But in 1933, Rex fell for a glamorous model; Noel Marjorie Colette Thomas. This immediate attraction came with obvious perks. First, Colette (as she was known to friends) came from a well connected and affluent family. As a social climber, Rex aspired to this sort of classis snobbery that Collette had been born into. She also had the spirit and temperament that were well matched to Rex’s ego. But most important of all, Colette knew the sort of people that could help advance Rex’s career.
Colette’s father was no fool. He adamantly disapproved of his daughter’s match to Rex. Despite these strenuousness objections, Colette became Mrs. Rex Harrison in January 1934. It was the beginning of a great love affair that would gradually dissolve into a troubled marriage.
BED OF ROSES/BED OF THORNS
During their formative married years, Rex continued to find steady work as an actor on the stage. He had small roles in The Great Game (1930), School for Scandal (1930) and Leave It To Blanche (1934). If, at least artistically, the parts were increasing in stature, Rex’s pay for the work remained meager at best – a bone of contention that often strained his home life with Colette who had been accustom to more than the actor’s current salary could provide.
Despite these tensions, Rex and Colette had a son, Noel on January 29, 1935. The following year, Rex’s professional prospects began to improve when at the age of 28 he was cast to great effect in Terrance Ratigan’s French Without Tears (1936). The play would go on to become the most widely acclaimed production in the history of London’s prestigious West End.
At roughly this same juncture the movies decided to capitalize on Rex’s popularity. In Britain he made his filmic debut with Storm in A Teacup (1937), opposite a young Vivien Leigh. Rex’s reviews were solid. Based on his performance as Frank Burdon – a small time reporter who is put in charge of a Scottish newspaper – director King Vidor offered Rex a major role in MGM’s The Citadel (1938) – costarring Robert Donat. At long last, Hollywood would hear of the young actor that Britain had already hailed as their ‘most popular.’ Sadly, The Citadel was not the smash hit that either Vidor or Rex had hoped for.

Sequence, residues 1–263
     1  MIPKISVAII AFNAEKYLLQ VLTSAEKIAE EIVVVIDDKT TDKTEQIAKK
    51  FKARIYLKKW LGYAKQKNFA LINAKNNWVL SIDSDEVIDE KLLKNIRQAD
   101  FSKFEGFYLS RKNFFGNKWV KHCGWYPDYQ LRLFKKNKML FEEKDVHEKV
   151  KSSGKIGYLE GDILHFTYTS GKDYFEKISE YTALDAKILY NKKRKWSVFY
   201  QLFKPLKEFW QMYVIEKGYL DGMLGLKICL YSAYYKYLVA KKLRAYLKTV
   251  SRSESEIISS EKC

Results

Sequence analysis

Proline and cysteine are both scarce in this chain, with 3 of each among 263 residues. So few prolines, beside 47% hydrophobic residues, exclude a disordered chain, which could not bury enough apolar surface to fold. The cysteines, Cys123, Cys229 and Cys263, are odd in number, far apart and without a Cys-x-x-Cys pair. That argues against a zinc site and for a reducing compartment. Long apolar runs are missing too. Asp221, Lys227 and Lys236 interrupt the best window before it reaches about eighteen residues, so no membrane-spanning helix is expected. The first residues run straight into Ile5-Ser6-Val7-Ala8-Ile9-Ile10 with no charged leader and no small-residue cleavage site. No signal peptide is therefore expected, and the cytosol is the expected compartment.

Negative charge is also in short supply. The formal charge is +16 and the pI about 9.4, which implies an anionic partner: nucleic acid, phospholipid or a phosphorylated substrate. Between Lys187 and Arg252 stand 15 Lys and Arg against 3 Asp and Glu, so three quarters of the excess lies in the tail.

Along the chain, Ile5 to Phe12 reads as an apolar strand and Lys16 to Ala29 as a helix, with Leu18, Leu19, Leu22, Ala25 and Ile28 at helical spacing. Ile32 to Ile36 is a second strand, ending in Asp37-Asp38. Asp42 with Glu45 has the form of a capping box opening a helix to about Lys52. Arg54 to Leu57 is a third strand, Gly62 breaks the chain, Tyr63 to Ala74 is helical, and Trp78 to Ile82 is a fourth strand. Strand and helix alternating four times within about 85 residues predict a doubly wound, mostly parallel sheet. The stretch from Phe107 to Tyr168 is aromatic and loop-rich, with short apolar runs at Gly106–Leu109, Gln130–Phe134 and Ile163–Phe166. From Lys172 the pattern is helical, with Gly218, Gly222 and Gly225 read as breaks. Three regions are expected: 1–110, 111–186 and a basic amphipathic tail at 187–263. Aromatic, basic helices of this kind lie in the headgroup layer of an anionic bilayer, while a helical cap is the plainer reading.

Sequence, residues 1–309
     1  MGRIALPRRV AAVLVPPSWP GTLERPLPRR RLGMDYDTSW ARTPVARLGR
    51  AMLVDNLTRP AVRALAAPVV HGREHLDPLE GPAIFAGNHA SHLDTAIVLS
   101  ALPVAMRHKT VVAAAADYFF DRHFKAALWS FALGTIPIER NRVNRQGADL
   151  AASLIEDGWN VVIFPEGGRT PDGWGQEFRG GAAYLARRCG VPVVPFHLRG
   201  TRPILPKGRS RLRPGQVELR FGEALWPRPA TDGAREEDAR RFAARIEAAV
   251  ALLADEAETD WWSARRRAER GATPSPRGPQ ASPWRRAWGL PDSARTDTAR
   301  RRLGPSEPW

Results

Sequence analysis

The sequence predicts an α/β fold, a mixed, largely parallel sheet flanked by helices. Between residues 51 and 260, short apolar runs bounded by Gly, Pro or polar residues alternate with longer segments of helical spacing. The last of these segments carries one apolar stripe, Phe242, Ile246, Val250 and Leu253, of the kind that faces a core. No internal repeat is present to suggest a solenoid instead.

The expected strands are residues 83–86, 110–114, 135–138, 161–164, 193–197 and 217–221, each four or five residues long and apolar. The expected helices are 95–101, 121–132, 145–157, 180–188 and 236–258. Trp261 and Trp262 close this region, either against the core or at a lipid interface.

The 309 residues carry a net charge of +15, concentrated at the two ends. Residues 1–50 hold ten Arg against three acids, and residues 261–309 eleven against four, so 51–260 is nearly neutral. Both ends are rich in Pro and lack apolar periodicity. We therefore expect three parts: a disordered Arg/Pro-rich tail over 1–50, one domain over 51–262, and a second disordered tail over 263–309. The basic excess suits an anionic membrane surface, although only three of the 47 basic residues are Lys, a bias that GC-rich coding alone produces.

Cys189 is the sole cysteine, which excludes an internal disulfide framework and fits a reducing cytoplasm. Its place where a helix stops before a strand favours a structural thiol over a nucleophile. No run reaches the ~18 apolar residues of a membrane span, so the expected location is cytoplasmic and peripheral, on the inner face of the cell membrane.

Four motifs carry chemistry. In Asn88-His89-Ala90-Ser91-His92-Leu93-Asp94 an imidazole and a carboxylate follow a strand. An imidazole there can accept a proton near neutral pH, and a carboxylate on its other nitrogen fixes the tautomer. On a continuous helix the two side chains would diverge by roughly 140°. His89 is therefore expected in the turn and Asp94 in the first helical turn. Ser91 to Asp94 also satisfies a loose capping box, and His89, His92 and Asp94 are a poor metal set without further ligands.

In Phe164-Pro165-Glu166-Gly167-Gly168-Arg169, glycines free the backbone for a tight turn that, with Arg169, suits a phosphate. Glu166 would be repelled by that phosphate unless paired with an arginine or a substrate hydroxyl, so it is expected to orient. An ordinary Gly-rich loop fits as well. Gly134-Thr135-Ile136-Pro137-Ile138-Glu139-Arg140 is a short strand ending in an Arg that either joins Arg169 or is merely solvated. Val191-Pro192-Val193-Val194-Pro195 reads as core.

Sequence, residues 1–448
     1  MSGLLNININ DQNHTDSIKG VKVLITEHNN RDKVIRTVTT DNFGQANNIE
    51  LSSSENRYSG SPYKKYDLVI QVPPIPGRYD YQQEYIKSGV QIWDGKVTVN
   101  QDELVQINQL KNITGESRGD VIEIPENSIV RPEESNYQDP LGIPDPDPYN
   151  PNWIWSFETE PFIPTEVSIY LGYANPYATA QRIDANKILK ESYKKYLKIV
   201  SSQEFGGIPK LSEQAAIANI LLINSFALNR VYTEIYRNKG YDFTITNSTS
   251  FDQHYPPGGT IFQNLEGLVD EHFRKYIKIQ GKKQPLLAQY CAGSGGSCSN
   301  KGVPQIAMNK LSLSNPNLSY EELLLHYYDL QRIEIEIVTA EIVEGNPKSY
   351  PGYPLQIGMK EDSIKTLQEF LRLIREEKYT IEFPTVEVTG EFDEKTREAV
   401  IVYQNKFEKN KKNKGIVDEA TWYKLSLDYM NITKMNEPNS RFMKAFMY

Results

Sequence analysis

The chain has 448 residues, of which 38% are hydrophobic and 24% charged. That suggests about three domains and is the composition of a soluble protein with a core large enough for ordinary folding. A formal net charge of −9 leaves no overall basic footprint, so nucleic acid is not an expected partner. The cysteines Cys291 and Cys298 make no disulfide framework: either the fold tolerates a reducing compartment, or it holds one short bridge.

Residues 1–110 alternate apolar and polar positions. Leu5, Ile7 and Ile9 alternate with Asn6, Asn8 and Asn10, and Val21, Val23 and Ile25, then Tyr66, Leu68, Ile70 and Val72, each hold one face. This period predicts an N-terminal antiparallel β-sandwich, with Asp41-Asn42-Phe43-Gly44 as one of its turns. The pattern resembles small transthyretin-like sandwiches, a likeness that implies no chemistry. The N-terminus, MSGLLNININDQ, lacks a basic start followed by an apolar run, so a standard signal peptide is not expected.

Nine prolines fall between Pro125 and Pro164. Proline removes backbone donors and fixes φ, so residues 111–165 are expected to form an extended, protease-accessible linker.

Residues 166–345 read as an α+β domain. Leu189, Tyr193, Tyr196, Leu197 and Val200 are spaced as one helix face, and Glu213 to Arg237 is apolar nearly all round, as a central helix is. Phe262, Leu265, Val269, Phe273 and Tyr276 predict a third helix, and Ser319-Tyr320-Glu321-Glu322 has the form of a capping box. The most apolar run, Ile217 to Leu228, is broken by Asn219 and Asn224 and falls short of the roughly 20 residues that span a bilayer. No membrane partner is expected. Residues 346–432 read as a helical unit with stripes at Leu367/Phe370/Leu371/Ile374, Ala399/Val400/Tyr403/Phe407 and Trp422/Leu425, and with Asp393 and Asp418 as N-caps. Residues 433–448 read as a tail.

With the advent of World War II looming on the horizon, Rex returned to England to enlist in the Armed Forces. He was rejected from active service due to poor eyesight. Years before, a bout of measles had nearly blinded him in his left eye. Disillusioned and disappointed, Rex opted to return to the London stage rather than accept a contract from MGM. But on September 3, 1939, the fear of regular bombings from Hitler’s army officially closed most of London’s film and theatrical establishments. Rex was out of a job.
During the early part of the war years, Rex toured the countryside in plays as he had done in his youth for the Cardiff Company. If on the surface, this move appeared to be a retread or two steps back in the wrong direction there was one great difference this time around. Rex was a seasoned professional, embraced by the public and critics alike.
His wife, Colette now worked for the Red Cross. Her separation from Rex afforded him the lifestyle of a bachelor – enough time for Rex to become smitten with 25 year old Lily Palmer; a multifaceted novelist, painter and stage performer. The two began a torrid affair that continued as Rex separated from Colette in the spring of 1940. Imagining his new romance at the crux of historically great theatrical husband and wife couplings like Lunt and Fontanne, Rex and Lily set up house in Chelsea.
Rex appeared as Adolphus Cusins in the filmic version of George Bernard Shaw’s stage success, Major Barbara (1941) opposite gifted actress, Wendy Hiller, and for the first time in his career took astute direction from the 84 year old playwright. Though Shaw considered Rex’s interpretation the definitive of his masterwork, the film was not a commercial success and so it was back to repertory work and meager salaries.
By now, these stalemates in his professional career were becoming too much to bear. Thorny and determined as ever to distinguish himself during the war years, Rex appealed his rejection into the Armed Services and was rewarded for his obstinate perseverance with an appointment to the RAF where his duties included guiding British planes safely back to their launching pads after aerial combat missions. During his tenure, Rex also decided to make an honest woman of Lily. The two were wed on January 25, 1943 and for two years thereafter, Rex and Lily enjoyed what appeared to be an ideal union. Their son, Carey Alfred was born on February 19, 1944, the same year Rex was honorably discharged from active service.
At war’s end, Rex and Lily appeared together in The Rake’s Progress (1945), a film that caught the eye of producer Darryl F. Zanuck. Zanuck offered Rex a seven year Fox studio contract at $4,500 per week. The couple moved to Hollywood, renting a suite at the fashionable Beverly Hills Hotel.
For his debut project, Rex was cast opposite Irene Dunne in Anna and the King of Siam (1946). Rex excelled as the aggressive and curmudgeonly potentate, though initially he had had misgivings about the part – even going so far as to hire an acting coach to ease him into the character. Never one to take direction well, Rex and his director, John Cromwell did not get on. In fact, on several occasions noted in the Fox memo archive, Cromwell urged Zanuck to reconsider and/or recast the part. To his credit, Zanuck quietly ignored these complaints, affording Rex his first major Hollywood success.